Friday, September 29, 2023

Bankers Think Some Rate Relief is Coming

According to US News and World Report the trend for the next few months is a softening in rate pressure. Rates should start to ease a bit providing some relief for weary buyers that have been priced out of mortgages over the last couple years. Locally rates have been running at nearly 8% well above the national average. The chart below shows the national trend and the rates on the chart or prior to any fees or points that banks are in fact charging. Rates that borrowers are actually seeing or will see based on this chart would be 0.5% to 1% higher. Rates also vary based on the lending program, down payment amount, credit profile and other important financial details of the borrower. The good news is they seem to think it is starting to trend favorably for borrowers.

Well let's hope they are right. I do not expect a return to the ridiculously low rates of a few years ago. That was unprecedented. The 50 year average has been around 6.5% and I find that the market responds well to rates under 6%. If we can get rates back into the mid 6s the real estate market will come around. Right now we are in a stalemate as we have neither allot of buyers nor allot of sellers. Pricing is stable but softening and transactions are way down as a result of inactivity. Sellers are holding on to the low rate they have now and buyers can't afford the high rates currently available. 

This trend if it materializes could be good for current buyers. Sellers are getting motivated and that means a negotiating edge for buyers. Buyers may find themselves able to refinance their 8% purchase not in a year or so at a more comfortable rate in the 6s.  

If that chart holds up, things should perk up a bit next spring.

Friday, September 22, 2023

Vancouver's City Center Continues its Crazy Growth

Downtown Vancouver started on an epic journey of urban renewal some 25 years ago with the restoration of Esther Short Park and surrounding redevelopment of nearby blocks that were dilapidated. The plan was highly successful and Vancouver continued uninterrupted until about 2010 when the height of the recession slowed things to a crawl everywhere. After the recovery things picked up where they left off and began to accelerate to the frenzied pace we have seen over the last five years. Vancouver's skyline has had at least one tower crane up continuously since 2015. We have had as many as seven simultaneously during this nearly seven year stretch. Vancouver's built up skyline has tripled in size and there is no end in sight.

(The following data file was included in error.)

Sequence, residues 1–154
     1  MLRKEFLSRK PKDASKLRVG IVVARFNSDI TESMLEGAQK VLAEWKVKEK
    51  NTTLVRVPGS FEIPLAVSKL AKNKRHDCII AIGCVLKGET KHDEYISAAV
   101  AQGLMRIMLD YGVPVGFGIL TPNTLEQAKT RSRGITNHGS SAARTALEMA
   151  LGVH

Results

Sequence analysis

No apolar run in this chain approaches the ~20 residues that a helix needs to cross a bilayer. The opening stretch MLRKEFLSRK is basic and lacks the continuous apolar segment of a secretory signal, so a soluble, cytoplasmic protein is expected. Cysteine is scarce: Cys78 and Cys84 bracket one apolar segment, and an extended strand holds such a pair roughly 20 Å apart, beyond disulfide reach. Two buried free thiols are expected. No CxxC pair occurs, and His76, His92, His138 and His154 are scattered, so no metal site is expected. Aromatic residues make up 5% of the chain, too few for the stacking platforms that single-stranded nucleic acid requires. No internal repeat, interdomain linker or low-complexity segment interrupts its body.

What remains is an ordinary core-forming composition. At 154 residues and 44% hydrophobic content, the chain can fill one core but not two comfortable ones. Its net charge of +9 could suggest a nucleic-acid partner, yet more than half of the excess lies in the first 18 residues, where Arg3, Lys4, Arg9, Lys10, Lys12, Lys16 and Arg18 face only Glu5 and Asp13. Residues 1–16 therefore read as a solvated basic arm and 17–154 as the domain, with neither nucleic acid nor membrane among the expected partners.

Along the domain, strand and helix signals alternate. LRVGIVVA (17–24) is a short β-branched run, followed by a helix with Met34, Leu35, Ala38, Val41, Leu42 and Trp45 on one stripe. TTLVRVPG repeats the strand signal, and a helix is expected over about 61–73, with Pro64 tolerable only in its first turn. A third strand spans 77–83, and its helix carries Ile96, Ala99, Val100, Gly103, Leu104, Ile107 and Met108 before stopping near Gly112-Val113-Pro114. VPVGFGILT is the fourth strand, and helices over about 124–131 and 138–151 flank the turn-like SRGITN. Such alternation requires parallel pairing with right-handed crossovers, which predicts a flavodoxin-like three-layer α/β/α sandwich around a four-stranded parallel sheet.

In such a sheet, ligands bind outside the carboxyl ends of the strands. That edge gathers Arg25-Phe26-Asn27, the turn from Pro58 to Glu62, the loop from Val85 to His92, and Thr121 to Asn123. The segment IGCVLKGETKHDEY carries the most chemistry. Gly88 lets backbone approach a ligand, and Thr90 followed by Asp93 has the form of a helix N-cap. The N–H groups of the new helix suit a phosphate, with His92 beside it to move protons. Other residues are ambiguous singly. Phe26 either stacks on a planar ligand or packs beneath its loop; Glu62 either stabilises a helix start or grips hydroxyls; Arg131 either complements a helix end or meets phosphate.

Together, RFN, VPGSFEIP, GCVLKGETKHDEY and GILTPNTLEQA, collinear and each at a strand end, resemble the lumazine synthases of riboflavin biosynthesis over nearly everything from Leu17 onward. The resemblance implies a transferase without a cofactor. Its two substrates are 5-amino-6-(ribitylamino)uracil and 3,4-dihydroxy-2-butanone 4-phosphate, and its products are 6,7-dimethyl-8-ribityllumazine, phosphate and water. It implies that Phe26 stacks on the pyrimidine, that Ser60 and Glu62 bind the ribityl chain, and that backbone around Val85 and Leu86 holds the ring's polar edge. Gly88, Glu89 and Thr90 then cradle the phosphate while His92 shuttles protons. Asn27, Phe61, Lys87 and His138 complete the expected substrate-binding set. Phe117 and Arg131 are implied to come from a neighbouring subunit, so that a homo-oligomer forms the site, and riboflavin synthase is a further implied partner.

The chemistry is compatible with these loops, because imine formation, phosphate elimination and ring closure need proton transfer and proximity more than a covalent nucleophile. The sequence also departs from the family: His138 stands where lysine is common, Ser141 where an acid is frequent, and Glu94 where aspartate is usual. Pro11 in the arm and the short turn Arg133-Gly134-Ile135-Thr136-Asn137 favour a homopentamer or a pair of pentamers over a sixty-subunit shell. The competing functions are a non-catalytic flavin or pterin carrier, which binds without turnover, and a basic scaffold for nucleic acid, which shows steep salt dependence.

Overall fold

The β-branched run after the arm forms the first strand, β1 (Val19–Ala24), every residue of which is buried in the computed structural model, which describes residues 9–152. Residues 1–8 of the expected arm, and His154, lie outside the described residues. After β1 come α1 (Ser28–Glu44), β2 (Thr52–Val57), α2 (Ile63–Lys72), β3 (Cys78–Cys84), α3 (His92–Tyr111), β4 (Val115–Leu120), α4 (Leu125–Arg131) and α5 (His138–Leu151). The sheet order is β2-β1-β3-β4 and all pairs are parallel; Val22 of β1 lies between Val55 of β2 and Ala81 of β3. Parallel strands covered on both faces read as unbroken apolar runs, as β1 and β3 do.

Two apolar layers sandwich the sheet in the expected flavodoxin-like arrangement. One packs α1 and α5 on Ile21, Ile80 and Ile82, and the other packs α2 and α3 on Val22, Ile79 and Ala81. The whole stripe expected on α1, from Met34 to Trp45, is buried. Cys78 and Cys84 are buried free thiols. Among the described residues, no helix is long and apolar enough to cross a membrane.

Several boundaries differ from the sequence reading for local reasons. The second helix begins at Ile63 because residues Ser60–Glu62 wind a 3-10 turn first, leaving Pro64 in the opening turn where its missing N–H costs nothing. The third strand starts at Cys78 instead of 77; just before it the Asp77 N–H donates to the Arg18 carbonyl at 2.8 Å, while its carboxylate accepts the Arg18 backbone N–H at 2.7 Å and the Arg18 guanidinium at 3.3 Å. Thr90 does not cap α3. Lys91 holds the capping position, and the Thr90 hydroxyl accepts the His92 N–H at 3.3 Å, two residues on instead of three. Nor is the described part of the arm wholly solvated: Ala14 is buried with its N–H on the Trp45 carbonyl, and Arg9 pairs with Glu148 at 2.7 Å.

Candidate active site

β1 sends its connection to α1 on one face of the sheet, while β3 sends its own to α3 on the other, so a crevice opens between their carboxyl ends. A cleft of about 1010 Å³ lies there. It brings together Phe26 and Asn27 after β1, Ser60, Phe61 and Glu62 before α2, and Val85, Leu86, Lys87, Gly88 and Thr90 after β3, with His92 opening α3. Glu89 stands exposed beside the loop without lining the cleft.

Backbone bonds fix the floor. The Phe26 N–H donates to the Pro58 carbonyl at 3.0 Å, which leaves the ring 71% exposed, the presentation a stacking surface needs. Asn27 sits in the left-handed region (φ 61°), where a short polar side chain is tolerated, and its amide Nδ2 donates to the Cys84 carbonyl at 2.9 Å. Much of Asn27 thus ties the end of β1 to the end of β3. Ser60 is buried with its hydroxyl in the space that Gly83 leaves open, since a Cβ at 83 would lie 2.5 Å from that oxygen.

All of this development has brought a tremendous amount of revenue both public and private into the area. This has helped make Downtown Vancouver one of the most popular destinations in the metro area. For real estate it has opened up opportunities for urban living by making Vancouver's city center more electric and exciting as well as more walkable and bike able with increased services for residents and workers alike.

Condos in high rise and mid rise buildings remain strong in the market and neighborhoods in uptown that were previously struggling are now thriving. This economic revival has spread all over Vancouver and we have become the hot spot for the region. Below is a video showing the Downtown and Waterfront areas. Vancouver has plenty of room to grow Downtown as many blocks remain underdeveloped. With good leadership the boom can continue and even weather a recession well. That's up to the peeps we elect on the city council and the mayor.

Friday, September 15, 2023

What to do in a tightening market?

Our real estate market has been in this weird funk the last few years since we saw the interest rates pop up back in mid 2021. Prior to that we had a combination of low inventory and screaming demand for housing that had prices shooting up at near record pace in the double figures annually.